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08May2018

Size Matters for Computer Performance

Small mechanical hard drives can be a major cause of poor computer performance. We could add small thinking as a cause, too. It may be time to “right-size” your approach. We’re conscious of price and performance, but we tend to think more about the present price when buying a new computer and not looking ahead to future performance issues.

In too many cases, small drives are the result of being penny wise and pound foolish. A small drive, one in the range of 128 GB, may seem like it has a lot of storage capacity, but it’s really not sufficient for today’s use. Word files, Excel spreadsheets and PowerPoint presentations take up more and more space, and then we have all of those pictures we store. It’s easy to forget that the more megapixels our cameras can use, the bigger the files become. In addition to larger data files, our application files get bigger, too, as we add more capabilities and speed.

We also tend to hold our computers for many years, putting even more pressure on those under-sized hard drives. With less room for the hard drive to move data files around, your computer gets slower as we pack on years of data and apps. The restricted storage space on the hard drive is one factor that shortens a computer’s service life. The other major factor is that it can take 20 to 30 seconds at startup or restart for a computer to be functional, and that’s intolerable for most users.

On new computers, we consider a 256 GB hard drive as the standard unit. It gives most users enough room for the drive to manipulate files. When factory-installed, it’s not that much more money, and it will give you the opportunity to get more life out of your computer.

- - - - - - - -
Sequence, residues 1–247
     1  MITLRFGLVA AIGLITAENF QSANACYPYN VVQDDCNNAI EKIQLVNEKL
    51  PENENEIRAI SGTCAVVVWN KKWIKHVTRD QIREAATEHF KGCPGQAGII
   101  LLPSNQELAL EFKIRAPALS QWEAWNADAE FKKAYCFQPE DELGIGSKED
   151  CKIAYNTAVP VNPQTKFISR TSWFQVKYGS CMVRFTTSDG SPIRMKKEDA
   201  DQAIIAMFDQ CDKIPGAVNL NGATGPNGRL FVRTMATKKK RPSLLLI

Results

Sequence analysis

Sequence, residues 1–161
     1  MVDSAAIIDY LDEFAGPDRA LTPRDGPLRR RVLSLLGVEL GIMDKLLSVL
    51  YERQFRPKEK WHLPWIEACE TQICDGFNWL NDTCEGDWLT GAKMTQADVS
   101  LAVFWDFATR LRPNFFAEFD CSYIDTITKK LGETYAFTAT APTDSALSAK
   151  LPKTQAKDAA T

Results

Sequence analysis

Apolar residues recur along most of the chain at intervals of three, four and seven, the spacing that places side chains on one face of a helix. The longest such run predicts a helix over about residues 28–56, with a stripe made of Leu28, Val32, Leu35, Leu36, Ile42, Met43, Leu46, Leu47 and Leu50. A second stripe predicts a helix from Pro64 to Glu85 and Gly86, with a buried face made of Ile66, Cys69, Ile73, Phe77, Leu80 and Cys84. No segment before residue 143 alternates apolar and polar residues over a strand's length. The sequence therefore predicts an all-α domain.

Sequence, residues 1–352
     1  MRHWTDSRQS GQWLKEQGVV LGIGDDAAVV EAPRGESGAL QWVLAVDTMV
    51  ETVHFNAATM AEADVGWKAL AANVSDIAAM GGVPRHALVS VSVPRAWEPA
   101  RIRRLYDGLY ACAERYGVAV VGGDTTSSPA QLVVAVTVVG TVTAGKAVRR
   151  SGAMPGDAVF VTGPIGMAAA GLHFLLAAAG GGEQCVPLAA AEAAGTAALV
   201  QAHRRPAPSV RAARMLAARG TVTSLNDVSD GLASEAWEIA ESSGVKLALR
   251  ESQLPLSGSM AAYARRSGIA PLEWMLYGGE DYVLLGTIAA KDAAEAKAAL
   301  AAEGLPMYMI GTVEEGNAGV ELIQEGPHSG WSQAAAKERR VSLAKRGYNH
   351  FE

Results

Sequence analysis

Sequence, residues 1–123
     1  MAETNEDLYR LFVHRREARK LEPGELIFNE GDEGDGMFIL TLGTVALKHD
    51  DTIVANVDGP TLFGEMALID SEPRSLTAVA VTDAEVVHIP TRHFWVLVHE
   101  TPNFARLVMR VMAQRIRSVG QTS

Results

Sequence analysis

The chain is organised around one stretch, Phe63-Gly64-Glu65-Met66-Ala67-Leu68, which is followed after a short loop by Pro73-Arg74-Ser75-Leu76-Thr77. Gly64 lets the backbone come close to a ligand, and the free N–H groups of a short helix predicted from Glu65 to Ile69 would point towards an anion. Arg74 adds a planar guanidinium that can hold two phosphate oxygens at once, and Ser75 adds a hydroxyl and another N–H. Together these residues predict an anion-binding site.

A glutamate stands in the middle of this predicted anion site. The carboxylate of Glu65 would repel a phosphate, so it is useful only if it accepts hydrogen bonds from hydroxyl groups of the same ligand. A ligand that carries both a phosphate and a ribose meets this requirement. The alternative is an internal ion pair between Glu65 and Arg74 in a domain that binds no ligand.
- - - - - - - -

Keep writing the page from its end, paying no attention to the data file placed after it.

You can replace a 128 GB with a 256 GB unit, and that will cost $150 to $175 for the hard drive plus the labor to back up and reinstall all of the software – as well as to physically replace the drive. However, it’s still considerably cheaper than replacing a solid business-use computer, which can run $750 to $1,500.

Better still, Windows 10 users can replace a small hard drive with a solid-state drive (SSD). SSDs are electronic, not mechanical. They don’t require space to physically move data, which means they don’t need to be as large to hold and use a similar amount of data. The lack of moving mechanical parts also makes them faster. We don’t consider this a viable option for Windows 7 users because it would take way too much time to get all of the OS updates and prepare the system for the reinstallation of applications and data files.

In practical terms, you don’t need as large a hard drive if you install an SSD on a Windows 10 computer. In fact, you could downsize from a 500 GB mechanical drive and have the same usable capacity on a 256 GB SSD. And, you’ll get better speed. On an older business-grade laptop, such as a Dell Latitude 5550, you could essentially get a machine that’s “like new” for half the price of a new one. Conceivably, it could add three or four years of service life to a two-year-old system.

If you’re running out of room on your hard drive, running out of patience with your computer’s performance, or both, we can help you find the best solution for your specific need. Call us – 973-433-6676 – or email us to talk about it.

  • 8 May, 2018
  • Norman Rosenthal
  • 0 Comments
  • Microsoft, new hardware, SSD, storage, Win10, win7, Windows 10,

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